Author Topic: 50 microns vacuum pump  (Read 2306 times)

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  • Guest
50 microns vacuum pump
« on: June 29, 2002, 10:26:00 AM »

I am pretty serious about getting a vacuum pump with the following specs:

36 LPM (240V, 50 HZ)
2800 RPM
0.15 Litres oil capacity
6.5 kg

This particular one is a tool, used by tradesmen in car air industry.  This is the cheapest pump i can find in Australia, which goes into micron vacuum scale.

Quickly checking the available pressure calculators:
50 microns = 0.05 Torr = ~ 0.07mbar

Would i be correct in thinking that this is considered fairly "deep vacuum" and is suitable for laboratory work such as vacuum distillations of ketones.

I also checked the nomograph, and according to my calculations, this pump will boil water at just below 0 degrees Celcius - does this sound right?

Thank you,


  • Guest
membrane pump
« Reply #1 on: June 29, 2002, 10:49:00 AM »
generally a diaphragm pump seems to be the best for universal lab use. Make sure that the pump is resistant to solvent vapors! Usually an end vacuum of 10 mbar is well enough for most purposes. It is very difficult to get below 1 mbar if you work under normal conditions (rubber connections, small tube diameter, not perfectly dry conditions etc.). UTFSE for more info.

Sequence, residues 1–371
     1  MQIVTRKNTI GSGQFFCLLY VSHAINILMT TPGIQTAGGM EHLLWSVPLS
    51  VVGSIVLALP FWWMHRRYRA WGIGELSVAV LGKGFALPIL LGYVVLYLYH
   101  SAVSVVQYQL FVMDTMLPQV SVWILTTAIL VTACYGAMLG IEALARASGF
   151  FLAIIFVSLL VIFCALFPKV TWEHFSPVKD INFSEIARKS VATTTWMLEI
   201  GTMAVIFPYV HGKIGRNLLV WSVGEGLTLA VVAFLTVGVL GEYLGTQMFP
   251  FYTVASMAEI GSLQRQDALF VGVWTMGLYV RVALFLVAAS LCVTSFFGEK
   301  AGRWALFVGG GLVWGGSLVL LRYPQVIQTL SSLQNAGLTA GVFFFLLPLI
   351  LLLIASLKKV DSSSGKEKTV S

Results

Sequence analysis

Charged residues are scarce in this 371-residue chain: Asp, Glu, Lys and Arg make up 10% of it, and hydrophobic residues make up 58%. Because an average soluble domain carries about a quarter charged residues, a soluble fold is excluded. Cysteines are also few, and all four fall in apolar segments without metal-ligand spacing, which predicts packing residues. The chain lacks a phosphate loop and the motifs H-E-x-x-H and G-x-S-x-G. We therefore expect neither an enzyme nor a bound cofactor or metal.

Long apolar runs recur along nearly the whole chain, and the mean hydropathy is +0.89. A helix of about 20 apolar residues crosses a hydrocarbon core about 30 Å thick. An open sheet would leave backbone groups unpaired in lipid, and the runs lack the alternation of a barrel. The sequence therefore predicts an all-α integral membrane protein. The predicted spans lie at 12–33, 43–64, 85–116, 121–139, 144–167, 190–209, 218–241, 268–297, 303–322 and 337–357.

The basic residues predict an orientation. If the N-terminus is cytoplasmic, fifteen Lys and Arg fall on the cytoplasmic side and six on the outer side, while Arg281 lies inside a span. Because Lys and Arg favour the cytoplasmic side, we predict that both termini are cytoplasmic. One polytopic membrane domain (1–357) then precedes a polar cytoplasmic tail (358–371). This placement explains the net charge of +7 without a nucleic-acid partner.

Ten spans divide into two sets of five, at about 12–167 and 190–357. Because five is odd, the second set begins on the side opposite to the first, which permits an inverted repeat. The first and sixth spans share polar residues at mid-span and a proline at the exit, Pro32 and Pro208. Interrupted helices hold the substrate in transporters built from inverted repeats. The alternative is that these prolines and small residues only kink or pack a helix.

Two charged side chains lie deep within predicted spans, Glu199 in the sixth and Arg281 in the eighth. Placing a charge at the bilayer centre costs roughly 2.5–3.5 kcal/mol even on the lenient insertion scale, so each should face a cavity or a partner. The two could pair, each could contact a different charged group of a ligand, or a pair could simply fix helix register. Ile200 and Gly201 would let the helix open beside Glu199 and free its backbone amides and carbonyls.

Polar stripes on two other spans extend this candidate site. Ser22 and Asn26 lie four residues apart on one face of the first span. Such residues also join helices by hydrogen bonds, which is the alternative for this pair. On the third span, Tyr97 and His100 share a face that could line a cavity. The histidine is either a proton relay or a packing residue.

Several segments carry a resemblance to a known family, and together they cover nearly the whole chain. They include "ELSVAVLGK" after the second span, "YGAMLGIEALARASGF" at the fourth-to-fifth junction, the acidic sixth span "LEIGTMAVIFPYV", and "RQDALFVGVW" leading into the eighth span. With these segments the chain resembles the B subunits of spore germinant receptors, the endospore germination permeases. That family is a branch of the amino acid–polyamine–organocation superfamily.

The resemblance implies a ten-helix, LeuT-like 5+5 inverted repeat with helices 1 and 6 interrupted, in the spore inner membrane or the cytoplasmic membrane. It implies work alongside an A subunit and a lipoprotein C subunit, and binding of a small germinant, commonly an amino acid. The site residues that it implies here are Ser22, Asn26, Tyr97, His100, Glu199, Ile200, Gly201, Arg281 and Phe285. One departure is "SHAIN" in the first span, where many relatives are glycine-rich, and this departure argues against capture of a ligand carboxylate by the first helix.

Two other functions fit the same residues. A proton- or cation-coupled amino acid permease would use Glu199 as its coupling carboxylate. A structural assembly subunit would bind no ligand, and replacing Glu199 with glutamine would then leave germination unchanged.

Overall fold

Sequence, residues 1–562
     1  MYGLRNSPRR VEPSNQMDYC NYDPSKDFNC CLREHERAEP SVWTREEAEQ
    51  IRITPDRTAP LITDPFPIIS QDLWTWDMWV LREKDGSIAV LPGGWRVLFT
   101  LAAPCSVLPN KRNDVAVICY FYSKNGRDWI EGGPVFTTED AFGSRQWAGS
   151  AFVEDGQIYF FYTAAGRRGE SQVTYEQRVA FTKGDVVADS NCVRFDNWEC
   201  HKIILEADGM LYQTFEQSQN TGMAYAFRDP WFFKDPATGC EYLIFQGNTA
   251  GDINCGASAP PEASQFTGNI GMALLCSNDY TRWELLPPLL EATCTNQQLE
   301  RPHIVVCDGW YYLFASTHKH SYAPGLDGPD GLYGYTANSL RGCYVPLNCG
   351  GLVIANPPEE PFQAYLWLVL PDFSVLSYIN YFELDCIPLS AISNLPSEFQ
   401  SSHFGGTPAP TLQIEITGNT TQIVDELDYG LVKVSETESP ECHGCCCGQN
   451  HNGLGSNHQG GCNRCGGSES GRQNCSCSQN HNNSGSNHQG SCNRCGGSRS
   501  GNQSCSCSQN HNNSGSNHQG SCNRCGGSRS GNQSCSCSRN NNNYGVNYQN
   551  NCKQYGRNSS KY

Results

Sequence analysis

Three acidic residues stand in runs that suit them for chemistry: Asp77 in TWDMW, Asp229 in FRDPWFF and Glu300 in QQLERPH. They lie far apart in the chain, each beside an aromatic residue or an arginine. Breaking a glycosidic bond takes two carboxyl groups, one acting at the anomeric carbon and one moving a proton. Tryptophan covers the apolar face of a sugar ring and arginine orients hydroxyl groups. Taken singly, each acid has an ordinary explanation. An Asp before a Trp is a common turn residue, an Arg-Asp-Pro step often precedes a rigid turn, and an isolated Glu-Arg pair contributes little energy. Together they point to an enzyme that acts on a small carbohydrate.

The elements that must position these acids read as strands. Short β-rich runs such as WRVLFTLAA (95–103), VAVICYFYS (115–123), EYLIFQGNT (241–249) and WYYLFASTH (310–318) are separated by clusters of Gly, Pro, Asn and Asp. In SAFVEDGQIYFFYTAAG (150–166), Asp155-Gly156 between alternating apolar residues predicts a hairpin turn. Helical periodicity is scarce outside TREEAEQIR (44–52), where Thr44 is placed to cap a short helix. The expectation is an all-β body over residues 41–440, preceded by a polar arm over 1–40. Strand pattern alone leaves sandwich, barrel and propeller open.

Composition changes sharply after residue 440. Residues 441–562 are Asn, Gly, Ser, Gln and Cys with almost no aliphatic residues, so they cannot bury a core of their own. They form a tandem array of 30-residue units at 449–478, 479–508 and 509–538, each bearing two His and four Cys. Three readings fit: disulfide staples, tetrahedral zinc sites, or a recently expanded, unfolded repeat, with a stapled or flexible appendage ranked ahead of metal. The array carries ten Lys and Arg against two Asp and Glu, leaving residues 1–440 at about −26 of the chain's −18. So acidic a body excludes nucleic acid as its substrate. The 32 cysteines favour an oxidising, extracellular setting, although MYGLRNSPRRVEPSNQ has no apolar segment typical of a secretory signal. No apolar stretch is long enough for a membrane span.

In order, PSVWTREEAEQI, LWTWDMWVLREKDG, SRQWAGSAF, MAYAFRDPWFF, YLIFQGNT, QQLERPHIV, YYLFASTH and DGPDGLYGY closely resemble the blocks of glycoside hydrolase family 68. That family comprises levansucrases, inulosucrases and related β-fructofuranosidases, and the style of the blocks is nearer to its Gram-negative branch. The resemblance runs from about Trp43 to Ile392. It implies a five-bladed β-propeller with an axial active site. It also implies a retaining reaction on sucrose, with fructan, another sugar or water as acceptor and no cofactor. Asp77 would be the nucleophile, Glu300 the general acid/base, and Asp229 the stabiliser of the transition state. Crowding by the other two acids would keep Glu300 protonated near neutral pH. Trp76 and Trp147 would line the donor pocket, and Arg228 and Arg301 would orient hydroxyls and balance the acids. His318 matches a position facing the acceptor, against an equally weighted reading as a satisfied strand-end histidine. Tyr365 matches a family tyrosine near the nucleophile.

• Guest
Vacuum rating
« Reply #2 on: June 29, 2002, 05:24:00 PM »
I think the 50 u is not realistic, it is something called the ultimate vacuum atainable with the pump. If you have  a vacuum gauge and connect it to your pump, most probably you will get something like 0.40 mm Hg or so, typically. It looks like a good pump, though. Avoid water and solvent vapours, lots of posts on this. Also, your will have to change your oil frequently ( rotary vane kind ) and  / or to use a trap.


  • Guest
I think I know exactly which pump your looking ...
« Reply #3 on: June 29, 2002, 05:31:00 PM »
I think I know exactly which pump your looking at. Swim had a vac pump that pulled safrole at 70-72c and it was rated at 15 microns. Make sure to change your oil frequently. Swim didn't and the pump broke from all the solvents and other shit. The only thing about having a very strong pump is a good seperation with close boiling compounds.

We'll soon find out if I'm a chemist or not!


  • Guest
thanks for your help guys
« Reply #4 on: June 30, 2002, 04:42:00 AM »
Thanks guys.  I will build a cold trap into the system to reduce the damage to the pump.  Looks good though, good price as well, almost as cheap as a second hand one and they are very rare to come by around these parts.

I actually wasted about 2 hours ringing the entire list of aircon parts people from the phone book and got nowhere.  Then came across this pump by accident.

Thank you,